Time: Russian Dressing

  • Michael Balfour

A crowd gathered last summer in Moscow’s Sobornaya Square, within the Kremlin walls, to watch 120 Presidential Guards in full regalia perform a 40-minute display of drills and dressage, accompanied by the horns and bass drums of a finely tuned brass band. The ceremony did not mark a Russian holiday, nor the anniversary of a military victory, but, rather, the opening of an exhibit of historic watches. The event had been organized by Ulysse Nardin to commemorate the Kremlin’s 200th anniversary, which coincided with the Swiss company’s own 160th anniversary.

 

Although the watchmaker, which is headquartered in Switzerland’s Jura Mountains, has no significant historic link to Russia, Ulysse Nardin wanted to make a dramatic impact, and so it maneuvered through the various bureaucratic hurdles to book the Kremlin for its birthday party. When celebrating Ulysse Nardin’s milestones, Rolf Schnyder, who acquired the brand in 1983 and now serves as its president, does not settle for hotel ballrooms where guests are served canapés and a choice of red or white wine. He once introduced a new watch model by hosting an elephant polo match in Nepal, and he marked the 150th anniversary of Ulysse Nardin, which first established its reputation by making top-quality marine chronometers, by sailing a three-masted schooner 700 miles up the River Rhine to the ancient Swiss university city of Basel for its annual spring watch and jewelry fair. Still, securing the Kremlin as a party venue was unprecedented. “No commercial exhibition has ever taken place in the Kremlin, which is the equivalent of Capitol Hill and the White House together, though they had been solicited often,” explains Schnyder.

In November 2005, on the night that Russian authorities approved the exhibition—which followed two years of discussions—Schnyder awoke at 3 am with a vision of a cloisonné enamel dial watch nested in an elaborate Russian enamel egg. “I jotted it down on a piece of paper in the Moscow hotel and went back to sleep,” he says. “The next day, I began taking photos of the various angles of the St. Basil Cathedral in Red Square and the monument of Dmitry Pozharsky and Kuzma Minin, the liberators of Moscow [in 1612], whose images eventually were engraved on the watch casebacks.”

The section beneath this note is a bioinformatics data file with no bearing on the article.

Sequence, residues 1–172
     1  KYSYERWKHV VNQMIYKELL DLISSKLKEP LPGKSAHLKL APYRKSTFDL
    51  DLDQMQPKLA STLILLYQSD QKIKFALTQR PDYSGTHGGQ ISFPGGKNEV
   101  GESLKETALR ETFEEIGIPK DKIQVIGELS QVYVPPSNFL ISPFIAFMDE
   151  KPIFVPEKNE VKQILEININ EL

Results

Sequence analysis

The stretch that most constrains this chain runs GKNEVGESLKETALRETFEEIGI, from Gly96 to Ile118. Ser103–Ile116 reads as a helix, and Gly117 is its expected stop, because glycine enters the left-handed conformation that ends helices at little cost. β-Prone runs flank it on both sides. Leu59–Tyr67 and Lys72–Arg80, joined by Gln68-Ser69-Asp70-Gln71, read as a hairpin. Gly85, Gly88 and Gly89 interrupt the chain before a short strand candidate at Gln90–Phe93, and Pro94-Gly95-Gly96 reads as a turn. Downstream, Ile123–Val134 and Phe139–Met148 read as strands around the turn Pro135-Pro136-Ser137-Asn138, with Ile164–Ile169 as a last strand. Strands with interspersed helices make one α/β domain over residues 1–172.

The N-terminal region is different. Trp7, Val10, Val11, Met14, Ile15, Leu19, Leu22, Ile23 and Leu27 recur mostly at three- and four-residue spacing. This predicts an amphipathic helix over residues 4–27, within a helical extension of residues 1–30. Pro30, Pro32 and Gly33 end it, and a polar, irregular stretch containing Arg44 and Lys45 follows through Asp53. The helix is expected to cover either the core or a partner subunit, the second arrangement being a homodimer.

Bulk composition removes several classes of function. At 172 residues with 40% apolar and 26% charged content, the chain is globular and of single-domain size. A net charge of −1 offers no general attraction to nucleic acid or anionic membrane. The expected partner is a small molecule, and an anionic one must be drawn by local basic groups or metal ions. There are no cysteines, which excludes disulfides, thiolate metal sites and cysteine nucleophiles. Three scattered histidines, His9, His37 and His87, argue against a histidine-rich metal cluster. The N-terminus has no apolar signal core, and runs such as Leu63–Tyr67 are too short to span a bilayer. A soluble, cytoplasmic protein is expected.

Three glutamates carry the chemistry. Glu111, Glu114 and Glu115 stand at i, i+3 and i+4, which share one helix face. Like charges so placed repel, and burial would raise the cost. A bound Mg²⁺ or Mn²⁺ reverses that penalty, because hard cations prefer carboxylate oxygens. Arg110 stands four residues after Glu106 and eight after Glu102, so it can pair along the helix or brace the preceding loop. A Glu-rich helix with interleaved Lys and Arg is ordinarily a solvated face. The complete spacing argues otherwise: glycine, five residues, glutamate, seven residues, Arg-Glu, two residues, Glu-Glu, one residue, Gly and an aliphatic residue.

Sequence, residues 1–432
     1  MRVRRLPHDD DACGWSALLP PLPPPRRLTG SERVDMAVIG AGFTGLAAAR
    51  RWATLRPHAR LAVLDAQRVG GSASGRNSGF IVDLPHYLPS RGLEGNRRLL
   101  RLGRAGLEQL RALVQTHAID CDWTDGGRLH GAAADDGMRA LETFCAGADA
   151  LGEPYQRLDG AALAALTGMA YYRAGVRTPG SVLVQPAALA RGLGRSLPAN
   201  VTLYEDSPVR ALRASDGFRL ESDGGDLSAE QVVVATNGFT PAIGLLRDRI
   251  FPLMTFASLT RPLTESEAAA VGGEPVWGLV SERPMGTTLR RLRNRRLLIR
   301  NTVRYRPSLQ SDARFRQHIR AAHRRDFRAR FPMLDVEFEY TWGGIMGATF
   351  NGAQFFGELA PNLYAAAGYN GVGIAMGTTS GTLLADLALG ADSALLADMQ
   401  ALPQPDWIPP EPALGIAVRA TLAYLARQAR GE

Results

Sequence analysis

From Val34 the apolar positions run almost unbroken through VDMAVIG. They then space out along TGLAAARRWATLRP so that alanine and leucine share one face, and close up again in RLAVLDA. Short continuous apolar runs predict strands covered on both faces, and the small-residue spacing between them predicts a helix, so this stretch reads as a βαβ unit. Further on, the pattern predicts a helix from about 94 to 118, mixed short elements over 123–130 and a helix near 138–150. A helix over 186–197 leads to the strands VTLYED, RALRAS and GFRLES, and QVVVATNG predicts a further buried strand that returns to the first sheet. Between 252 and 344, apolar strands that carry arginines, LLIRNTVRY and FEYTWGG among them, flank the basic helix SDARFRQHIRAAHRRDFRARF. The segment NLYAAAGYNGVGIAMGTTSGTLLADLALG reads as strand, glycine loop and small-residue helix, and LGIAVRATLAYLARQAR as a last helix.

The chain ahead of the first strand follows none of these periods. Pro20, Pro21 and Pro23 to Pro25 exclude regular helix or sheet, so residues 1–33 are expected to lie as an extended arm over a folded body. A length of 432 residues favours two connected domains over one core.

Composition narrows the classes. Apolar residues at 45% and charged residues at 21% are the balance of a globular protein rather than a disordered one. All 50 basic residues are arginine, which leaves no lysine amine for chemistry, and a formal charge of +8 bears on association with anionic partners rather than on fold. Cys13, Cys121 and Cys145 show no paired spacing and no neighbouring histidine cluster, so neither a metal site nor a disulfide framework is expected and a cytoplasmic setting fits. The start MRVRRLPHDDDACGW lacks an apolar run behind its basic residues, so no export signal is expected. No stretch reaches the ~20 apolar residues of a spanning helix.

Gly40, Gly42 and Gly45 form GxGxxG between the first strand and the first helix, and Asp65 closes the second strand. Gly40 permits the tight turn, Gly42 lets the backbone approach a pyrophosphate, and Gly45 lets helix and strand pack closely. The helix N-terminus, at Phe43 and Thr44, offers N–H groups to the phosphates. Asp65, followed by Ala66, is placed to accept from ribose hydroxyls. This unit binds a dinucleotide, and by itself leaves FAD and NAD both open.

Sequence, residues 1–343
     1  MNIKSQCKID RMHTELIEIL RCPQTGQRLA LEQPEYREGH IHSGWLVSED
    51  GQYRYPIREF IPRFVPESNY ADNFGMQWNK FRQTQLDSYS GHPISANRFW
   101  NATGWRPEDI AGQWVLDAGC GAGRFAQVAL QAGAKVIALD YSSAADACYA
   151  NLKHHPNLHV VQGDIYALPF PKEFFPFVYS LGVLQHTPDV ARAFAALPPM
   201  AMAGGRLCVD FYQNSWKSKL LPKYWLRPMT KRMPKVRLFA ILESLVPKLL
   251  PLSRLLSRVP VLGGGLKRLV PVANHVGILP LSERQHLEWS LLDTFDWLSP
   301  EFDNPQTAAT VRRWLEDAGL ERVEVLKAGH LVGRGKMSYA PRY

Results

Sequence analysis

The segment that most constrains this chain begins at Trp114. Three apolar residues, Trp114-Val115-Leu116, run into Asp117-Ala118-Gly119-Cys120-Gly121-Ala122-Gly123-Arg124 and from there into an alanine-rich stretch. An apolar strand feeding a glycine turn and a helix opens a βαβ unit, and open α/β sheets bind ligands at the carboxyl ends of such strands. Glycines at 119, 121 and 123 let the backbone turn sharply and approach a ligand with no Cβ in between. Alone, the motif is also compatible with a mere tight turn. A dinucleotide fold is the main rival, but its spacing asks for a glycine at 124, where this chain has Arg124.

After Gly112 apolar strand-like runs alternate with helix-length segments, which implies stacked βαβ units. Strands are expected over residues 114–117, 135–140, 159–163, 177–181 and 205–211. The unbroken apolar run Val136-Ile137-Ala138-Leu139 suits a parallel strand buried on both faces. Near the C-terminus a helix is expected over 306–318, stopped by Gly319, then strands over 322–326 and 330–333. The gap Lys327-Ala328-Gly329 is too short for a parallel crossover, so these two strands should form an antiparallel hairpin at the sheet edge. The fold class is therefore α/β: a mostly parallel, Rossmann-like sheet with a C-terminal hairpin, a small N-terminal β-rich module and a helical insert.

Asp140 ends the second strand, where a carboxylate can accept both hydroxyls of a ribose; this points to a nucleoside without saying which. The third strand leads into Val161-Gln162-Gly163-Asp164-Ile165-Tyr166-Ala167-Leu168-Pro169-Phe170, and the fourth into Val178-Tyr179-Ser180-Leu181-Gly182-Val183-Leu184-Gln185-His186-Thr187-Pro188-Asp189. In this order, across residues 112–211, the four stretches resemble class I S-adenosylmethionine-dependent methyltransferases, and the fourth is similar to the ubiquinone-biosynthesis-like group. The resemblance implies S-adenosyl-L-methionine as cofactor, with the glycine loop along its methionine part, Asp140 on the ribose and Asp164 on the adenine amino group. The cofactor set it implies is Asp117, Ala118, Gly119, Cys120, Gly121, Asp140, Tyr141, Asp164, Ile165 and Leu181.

Schnyder’s next stop was St. Petersburg, where he sought out the renowned Russian artist Andrei Georgievich Ananov, whom he had met about nine years earlier. Ananov, a contemporary jewelry master, is considered a successor to Peter Carl Fabergé, who crafted the first of the 50 imperial eggs in 1885. The egg was Fabergé’s response to Alexander III’s request for an unusual Easter present for his czarina, Maria. Ananov, who, like Fabergé, was born in St. Petersburg, had pursued a career as an actor and film director in the 1970s, but following the births of his two daughters, he turned to his other great love: crafting jewelry and precious objects d’art. In 1989, Ananov founded his company, Russian Jewelry Art, which specializes in decorated and gem-set enamel eggs depicting famous Russian cathedrals. More than 15 years ago, he received approval from the owners of the Fabergé brand name to establish a company called Fabergé from Ananov.

At Schnyder’s request, Ananov traveled to Moscow to study the Cathedral of St. Basil the Blessed, whose colorful domes are the most prominent structures of the Kremlin skyline. Built on the orders of Czar Ivan the Terrible (1530–1584) to commemorate a Russian military victory, the cathedral consists of nine churches and is named for Basil the Blessed, who was buried there in 1588. Basil was known as Basil Fool for Christ for his eccentric and ascetic practices that included going naked in the cold and weighing himself down with chains.

Ananov has depicted the cathedral in diamonds around the perimeters of the 30 translucent blue enamel eggs that Schnyder commissioned. The eggs are supported on bases portraying Ulysse Nardin’s anchor-and-chain logo, which references the brand’s origin as a builder of marine chronometers. Each egg opens to reveal a 40 mm timepiece with a cloisonné enamel dial that also depicts the Cathedral of St. Basil the Blessed. The watch, aptly named St. Basil in Red Square, contains an automatic certified chronometer movement in an 18-karat rose gold and platinum case.